Samsung i8700 Omnia 7
Windows Phone 7, Qualcomm 8250 SnapDragon 1Ghz chipset, 4-inch 800x480 Super AMOLED touch screen display, 5 megapixel camera, LED Flash, 8GB memory, HSDPA, HSUPA, AGPS, WIFI, Bluetooth, microUSB
Samsung's Windows Phone 7 offering arrives with one of the largest screens the company has produced in a handset, along with one of the best visual screen qualities too. Are both of those factors enough to secure domination in the WP7 market? Read on to find out what One Mobile Ring thought, as we review our first Windows Phone 7 handset.
Samsung has already made a good start in establishing a firm grip on the Windows Phone 7 buying market, by not exclusively selling the Omnia 7 on a specific network. HTC is only retailing their 4.3-inch, 16GB flagship HD7 Windows Phone 7 mobile with O2, where Vodafone is solely carrying the LG Optimus 7 and HTC Trophy.
The Samsung Omnia 7 is the only Windows Phone 7 handset to be carried by more than one mobile network - as the device actually appears on three carriers. Orange, T-Mobile and Three are all selling the Samsung Omnia 7, on various tariffs starting from £35 a month and escalating in cost with a higher amount of accompanying minutes and a greater text message allowance.
The Omnia 7 arrives in a very sleek looking chassis, with black borders around the glass display and with a dark brown rear to the case with curved, smooth edges that enable the phone to fit comfortably in the hand.
The screen size and quality of the Samsung i8700 is of a very high calibre, with a 4-inch AMOLED capacitive touch screen that's both very responsive to use in addition to vividly displaying colours and the quality of an image. Samsung also used an AMOLED screen in their flagship Android Samsung Galaxy S handset, which was well received by the public and critics alike.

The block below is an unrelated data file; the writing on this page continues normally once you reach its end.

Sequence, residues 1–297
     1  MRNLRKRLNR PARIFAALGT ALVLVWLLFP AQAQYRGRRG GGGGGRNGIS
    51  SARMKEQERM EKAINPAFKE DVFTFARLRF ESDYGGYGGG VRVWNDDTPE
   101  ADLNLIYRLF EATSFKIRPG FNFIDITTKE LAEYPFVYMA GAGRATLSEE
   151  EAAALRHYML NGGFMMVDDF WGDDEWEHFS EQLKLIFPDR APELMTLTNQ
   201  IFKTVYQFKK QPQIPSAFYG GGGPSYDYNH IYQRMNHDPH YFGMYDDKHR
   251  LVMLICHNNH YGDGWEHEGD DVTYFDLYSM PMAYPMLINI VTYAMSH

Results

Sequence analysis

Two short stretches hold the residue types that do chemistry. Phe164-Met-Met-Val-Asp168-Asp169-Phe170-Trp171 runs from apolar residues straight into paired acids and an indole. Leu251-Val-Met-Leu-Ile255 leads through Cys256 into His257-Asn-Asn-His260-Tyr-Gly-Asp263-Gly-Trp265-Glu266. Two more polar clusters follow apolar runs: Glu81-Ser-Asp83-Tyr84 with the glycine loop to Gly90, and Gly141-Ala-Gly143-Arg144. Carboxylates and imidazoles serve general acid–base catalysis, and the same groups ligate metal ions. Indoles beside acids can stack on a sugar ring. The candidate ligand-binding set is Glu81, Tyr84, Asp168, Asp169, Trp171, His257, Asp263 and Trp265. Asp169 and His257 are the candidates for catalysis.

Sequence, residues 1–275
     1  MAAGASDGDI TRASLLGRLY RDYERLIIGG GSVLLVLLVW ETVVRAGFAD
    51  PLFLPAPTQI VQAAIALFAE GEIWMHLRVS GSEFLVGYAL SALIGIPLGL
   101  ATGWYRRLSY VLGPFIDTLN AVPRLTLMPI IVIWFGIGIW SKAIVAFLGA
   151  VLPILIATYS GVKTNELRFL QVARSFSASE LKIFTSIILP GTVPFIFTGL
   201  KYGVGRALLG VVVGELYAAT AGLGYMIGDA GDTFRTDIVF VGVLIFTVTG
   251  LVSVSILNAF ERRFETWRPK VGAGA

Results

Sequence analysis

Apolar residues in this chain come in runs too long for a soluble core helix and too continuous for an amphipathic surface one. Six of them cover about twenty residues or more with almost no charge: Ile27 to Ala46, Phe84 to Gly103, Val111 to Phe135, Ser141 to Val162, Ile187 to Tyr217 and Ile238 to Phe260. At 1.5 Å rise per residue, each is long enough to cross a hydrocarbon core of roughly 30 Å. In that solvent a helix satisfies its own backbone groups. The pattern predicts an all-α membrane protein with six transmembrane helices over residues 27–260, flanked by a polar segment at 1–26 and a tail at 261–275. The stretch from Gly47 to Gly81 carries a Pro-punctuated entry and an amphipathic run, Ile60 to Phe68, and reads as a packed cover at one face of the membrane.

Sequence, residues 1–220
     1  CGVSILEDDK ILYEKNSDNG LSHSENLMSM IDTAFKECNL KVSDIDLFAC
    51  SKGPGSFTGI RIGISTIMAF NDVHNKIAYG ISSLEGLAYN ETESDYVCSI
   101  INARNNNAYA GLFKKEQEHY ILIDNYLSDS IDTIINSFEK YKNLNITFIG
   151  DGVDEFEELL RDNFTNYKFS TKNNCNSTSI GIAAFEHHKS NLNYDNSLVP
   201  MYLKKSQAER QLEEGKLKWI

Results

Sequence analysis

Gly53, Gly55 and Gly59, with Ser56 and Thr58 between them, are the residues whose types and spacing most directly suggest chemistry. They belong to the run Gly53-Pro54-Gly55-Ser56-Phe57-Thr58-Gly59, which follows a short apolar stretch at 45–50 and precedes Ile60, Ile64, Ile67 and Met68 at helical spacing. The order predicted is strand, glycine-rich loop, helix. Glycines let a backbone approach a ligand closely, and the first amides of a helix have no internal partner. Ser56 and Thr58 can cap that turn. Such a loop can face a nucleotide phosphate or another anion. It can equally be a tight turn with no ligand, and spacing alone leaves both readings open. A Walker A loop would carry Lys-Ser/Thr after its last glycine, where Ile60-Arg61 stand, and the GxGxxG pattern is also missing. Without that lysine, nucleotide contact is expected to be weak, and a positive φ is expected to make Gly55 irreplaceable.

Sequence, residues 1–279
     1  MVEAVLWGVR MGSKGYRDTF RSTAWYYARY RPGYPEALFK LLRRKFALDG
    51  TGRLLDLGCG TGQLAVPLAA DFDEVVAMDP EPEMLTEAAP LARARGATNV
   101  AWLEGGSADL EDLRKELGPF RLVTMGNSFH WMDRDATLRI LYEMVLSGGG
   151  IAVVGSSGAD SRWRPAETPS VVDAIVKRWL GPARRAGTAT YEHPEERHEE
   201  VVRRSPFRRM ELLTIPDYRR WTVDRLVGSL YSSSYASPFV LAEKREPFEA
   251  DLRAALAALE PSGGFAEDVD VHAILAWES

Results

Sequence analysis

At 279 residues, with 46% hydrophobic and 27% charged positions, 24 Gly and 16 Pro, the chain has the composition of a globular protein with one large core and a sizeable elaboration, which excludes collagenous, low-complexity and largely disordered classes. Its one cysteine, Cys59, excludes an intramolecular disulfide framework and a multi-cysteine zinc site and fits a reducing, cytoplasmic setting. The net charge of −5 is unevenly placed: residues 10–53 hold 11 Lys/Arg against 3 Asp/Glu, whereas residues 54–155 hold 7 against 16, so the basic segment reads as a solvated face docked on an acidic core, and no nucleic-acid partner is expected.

Samsung has used metal materials in the design of the Omnia 7's casing, which aids in creating much more of a professional business look and feel to the phone - which is a far cry from the plastic Samsung Android Galaxy S.
There have been some odd choices in the placement of buttons and ports around the phone, some of which caused issues over prolonged use of the handset.
The power-on button is located on the right side of the phone, at the top most part of the handset. This is usually placed on the very top of the phone, where Samsung has decided to include the power button in the same location where the Galaxy S has theirs. We found this was a problem with both of the mobile phones, as when the handsets are gripped with the right hand - the phones become locked, as the power-on button is nearly always accidentally pressed. Where the power button would normally reside is where the microUSB charging port is located, on the top of the phone and off to the right.
On the left side of the Omnia 7, towards the top, is the volume button. This was also accidentally pressed countless times, by the side of the left hand's middle finger - when gripping the Omnia 7 to write in landscape mode. This isn't as bothersome as the location of the power button, as the volume drop down menu disappears after a few seconds, but it still isn't the most ideal location for that button.
The shipping storage of the handset is of a good size, for the average mobile phone. Built in to the Omnia 7 is 8GB, which is a decent capacity and the minimum specification of Windows Phone 7 - where the top storage award goes to the HTC HD7, with its 16GB.